CINCINNATI -- Take a drive through Cincinnati’s Mount Auburn, and the revitalization will be unmistakable.
But blighted buildings still plague the neighborhood and others throughout the city, slowing the impressive progress of breathing new life into old parts of town.
Part of the problem: Out-of-town landlords who are letting vacant and occupied buildings fall apart, with housing code violations going unfixed for years.
"It's depressing," said Irene Hawkins, who owns a meticulously maintained home on Kinsey Avenue directly across from a vacant, blighted home.
"It's depressing because we call the city constantly just to get the grass cut. At one time some of the neighbors and I got together and started picking up some of the trash around," she said.
City leaders and revitalization champions aren’t giving up on those properties or giving the owners a pass.
Instead, they’re looking at novel ways to compel out-of-town owners to fix up their properties or sell them to others who will.
“If a landlord can't afford to maintain a piece of property responsibly, then move on and go do something you can do better,” Dan Schimberg, president of Uptown Rentals, said. “But people are buying property and sitting on it and not allowing the redevelopment to occur.”
The default position of many rental property managers and developers is to oppose government efforts to punish offenders more. But Schimberg is the exception.
Higher taxes for delinquents?
Schimberg advocates an idea to raise the property taxes of owners with delinquent housing code violation orders.
“The reason this makes sense is that there’s an incentive for someone to make the outside of their house look bad,” Schimberg said.
In a neighborhood with identical homes, one maintained and the other not, the owner who lets his deteriorate pays less property tax because that property is deemed worth less money thanks to deterioration.
“And that’s an inherent problem especially in neighborhoods like the one we’re in now,” he said, referring to Mount Auburn.
Schimberg is willing to face the prospect of paying higher property taxes on Uptown properties because his company tries to act aggressively to fix code violations, he said. The problem is owners who sit on their deteriorating property waiting for surrounding values to rise to make a profit.
To be sure, it’s in Uptown’s business interest to have blighted properties cleaned up in old neighborhoods. Uptown is investing $100 million into new apartments and condominiums in Mount Auburn alone, including a 259-apartment complex rising on Wellington Place.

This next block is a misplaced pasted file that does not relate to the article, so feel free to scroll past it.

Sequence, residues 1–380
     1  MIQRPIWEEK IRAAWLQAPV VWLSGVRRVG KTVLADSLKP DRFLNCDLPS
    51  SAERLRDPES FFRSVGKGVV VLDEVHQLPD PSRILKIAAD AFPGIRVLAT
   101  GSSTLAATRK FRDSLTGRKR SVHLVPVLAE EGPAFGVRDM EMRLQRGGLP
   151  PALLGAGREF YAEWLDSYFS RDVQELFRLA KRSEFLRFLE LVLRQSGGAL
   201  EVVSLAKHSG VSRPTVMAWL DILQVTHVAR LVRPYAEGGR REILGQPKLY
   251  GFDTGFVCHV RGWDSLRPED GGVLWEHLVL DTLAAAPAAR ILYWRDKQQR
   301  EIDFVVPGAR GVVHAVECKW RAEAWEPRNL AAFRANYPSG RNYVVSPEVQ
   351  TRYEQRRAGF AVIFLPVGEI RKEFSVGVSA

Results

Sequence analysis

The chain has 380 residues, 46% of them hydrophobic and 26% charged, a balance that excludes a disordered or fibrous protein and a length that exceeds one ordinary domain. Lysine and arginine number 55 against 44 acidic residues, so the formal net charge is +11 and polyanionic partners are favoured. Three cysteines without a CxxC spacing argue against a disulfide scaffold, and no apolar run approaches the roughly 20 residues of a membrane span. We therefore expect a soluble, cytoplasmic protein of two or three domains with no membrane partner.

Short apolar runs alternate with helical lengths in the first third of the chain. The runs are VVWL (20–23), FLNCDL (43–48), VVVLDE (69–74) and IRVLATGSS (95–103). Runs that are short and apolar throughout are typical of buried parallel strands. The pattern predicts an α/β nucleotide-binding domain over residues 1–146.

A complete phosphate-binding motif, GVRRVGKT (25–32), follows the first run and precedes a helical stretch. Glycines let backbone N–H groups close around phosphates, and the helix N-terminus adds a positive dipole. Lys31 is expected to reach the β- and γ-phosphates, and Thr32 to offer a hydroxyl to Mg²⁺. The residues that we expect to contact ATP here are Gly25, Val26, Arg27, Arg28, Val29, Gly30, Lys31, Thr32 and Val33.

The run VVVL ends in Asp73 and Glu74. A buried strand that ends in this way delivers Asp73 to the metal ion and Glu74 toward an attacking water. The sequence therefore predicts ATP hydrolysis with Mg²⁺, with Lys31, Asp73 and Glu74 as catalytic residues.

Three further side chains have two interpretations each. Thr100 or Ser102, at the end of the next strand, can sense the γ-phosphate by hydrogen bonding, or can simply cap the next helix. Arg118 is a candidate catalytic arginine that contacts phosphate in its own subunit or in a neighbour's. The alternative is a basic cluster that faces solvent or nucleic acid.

More carrots, fewer sticks?
Charles Tassell, who handles government affairs for the Greater Cincinnati Northern Kentucky Apartment Association, opposes the idea of layering more costs on landlords out of compliance.
“More bureaucrats and more paper, I’m not seeing that as a solution,” Tassell said.
Strong housing markets like the one Cincinnati is now enjoying attract a lot of investors of all levels of experience, and they all want to turn a profit. Raising taxes will make that harder on an owner already facing expensive repairs, he said.
“Now I have to pay more? You have a pie and there is only so much money in it,” he said.
Pros and cons to charging higher taxes on blighted properties
• Incentive to lower property taxes through lower property values negated.
• Motivation to fix problems before taxes go up.
• Pressure for property owners to sell to rehabbers.
• Another cost added to a business with tough profit margins.
• Another cost that neglectful owners may ignore.
• No current political leaders championing the idea.
Carol Gibbs, president and CEO of Mount Auburn Community Development Corp., is on board with bad landlords paying higher taxes.
“Whatever kind of punishment we can create would be great,” she said.
Gibbs, who lives in Mount Auburn, is part of a group striving to broaden the neighborhood’s appeal for middle-income earners to live alongside low-income residents. That only works, she said, if all the properties on the block are in decent shape.
“If I am a middle-class family, and I’m living across from a low-income property, I want it to be nice, with flowers in the yard, the tenants taken care of. Low-income residents have just as much right as anybody to live in nice housing,” she said.
Mount Auburn has seen a surge in new and rehabbed housing, but Gibbs is frustrated by problem properties.
“It’s difficult to get families to buy if they’re looking at some property across the street whose owner just doesn’t want to take care of it,” Gibbs said.